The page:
Buying property in Vietnam

Updated 2023-11-19 11:04

If you are planning on staying in Vietnam for a significant amount of time, buying a condo or getting involved in a commercial investment might be worthwhile. In this article, we are going to share several pieces of important and up-to-date information on the process of purchasing property in Vietnam.

Foreigners are eligible to invest in new housing construction projects, buying, renting, or inheriting houses, and buying or investing in apartments and secure properties like villas or townhouses. Keep reading to learn more about the guidelines and regulations in place for foreigners and buying property in Vietnam.

Who can buy property In Vietnam?

Legally, in Vietnam, land use rights are granted to land users by the Vietnamese government on behalf of the landowner. At present, foreigners are legally able to buy property in Vietnam in the form of a house, apartment, building, or commercial space investment. They are restricted to only owning up to 30% of the units within an apartment complex or 250 landed properties in an administrative ward and cannot own houses independent of a complex or designated commercial building. These rules come from foreigners not being considered legal “land users” per the government definition in Vietnam and not being eligible for land allocation, land leases, or recognition of land use rights by the state. It's important to stress that no foreign company or individual can own, rent, inherit, or buy upwards of 30% of units in a traditional ward system or apartment building.

Depending on who buys the property, the length of ownership differs slightly. Foreign-owned companies, on the other hand, have the right to own property for as long as they retain their investment license in Vietnam.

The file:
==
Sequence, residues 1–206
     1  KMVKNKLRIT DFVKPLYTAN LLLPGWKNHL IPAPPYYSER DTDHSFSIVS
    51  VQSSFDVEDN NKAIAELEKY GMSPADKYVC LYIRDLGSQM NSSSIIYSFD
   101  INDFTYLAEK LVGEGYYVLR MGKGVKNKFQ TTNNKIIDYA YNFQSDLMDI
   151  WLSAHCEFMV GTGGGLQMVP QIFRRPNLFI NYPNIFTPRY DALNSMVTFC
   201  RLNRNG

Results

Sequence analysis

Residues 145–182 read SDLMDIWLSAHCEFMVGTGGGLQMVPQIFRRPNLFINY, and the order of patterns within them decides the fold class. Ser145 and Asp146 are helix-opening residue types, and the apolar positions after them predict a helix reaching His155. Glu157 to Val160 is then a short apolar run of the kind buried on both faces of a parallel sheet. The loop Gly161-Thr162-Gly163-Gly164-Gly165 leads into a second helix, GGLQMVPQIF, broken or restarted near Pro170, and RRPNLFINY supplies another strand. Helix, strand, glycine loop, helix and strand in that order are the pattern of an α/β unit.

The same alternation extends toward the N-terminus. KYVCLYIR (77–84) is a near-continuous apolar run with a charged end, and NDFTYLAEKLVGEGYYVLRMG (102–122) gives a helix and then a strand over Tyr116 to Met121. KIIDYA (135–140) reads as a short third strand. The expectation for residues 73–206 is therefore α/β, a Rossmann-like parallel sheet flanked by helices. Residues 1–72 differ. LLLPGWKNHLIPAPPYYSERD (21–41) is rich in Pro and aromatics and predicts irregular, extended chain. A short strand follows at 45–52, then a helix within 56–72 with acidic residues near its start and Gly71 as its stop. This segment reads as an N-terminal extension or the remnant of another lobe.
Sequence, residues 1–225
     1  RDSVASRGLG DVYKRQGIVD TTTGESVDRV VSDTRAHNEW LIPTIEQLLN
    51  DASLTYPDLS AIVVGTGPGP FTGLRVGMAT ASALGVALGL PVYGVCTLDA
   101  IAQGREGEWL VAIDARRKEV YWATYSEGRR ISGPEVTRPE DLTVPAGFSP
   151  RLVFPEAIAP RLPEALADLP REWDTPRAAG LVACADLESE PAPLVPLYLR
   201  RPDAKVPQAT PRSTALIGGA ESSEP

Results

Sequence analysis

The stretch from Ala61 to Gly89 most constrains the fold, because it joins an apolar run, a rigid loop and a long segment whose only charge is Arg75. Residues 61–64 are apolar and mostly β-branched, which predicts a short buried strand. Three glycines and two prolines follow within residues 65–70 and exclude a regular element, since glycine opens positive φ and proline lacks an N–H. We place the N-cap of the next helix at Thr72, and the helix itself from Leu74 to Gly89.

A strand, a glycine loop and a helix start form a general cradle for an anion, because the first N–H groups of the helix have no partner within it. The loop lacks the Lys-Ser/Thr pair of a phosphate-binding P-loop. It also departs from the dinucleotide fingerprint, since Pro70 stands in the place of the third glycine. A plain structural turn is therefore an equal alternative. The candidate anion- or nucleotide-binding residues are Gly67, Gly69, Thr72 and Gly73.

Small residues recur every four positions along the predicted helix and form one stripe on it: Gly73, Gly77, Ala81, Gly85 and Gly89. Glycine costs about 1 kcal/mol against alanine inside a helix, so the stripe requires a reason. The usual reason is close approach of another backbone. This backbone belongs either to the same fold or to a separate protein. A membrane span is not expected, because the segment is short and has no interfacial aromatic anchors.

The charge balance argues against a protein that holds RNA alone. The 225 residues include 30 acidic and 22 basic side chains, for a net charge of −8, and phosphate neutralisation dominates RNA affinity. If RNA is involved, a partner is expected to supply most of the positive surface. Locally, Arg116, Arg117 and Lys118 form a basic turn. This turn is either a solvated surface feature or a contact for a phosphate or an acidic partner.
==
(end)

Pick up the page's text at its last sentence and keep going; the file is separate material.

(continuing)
How to buy property in Vietnam

There are numerous means of successfully buying a property in Vietnam, and we will focus on the most common.

  1. Inherited through marriage: If your spouse already owns property in Vietnam, upon receiving the marriage license, you can also own the property for the same amount of time remaining on the lease and have the same rights as your new spouse.
  2. Buying as a foreign individual is realistic in practice. However, the first term of ownership is not allowed to exceed 50 years in duration - with the option to renew. This would be buying property through a broker as an independent foreigner and not a legal entity. Once you have registered your newly purchased property with the local tax authority, you are permitted to sublet.
  3. Forming a joint venture in Vietnam is the second option available to foreigners, and means a Vietnamese partner is mandatory. Joint venture companies have the right to buy households and buildings for lease or sale. Be sure to apply due diligence when selecting your Vietnamese nominee. If they are not reliable or trustworthy, you could encounter a number of terrible consequences later.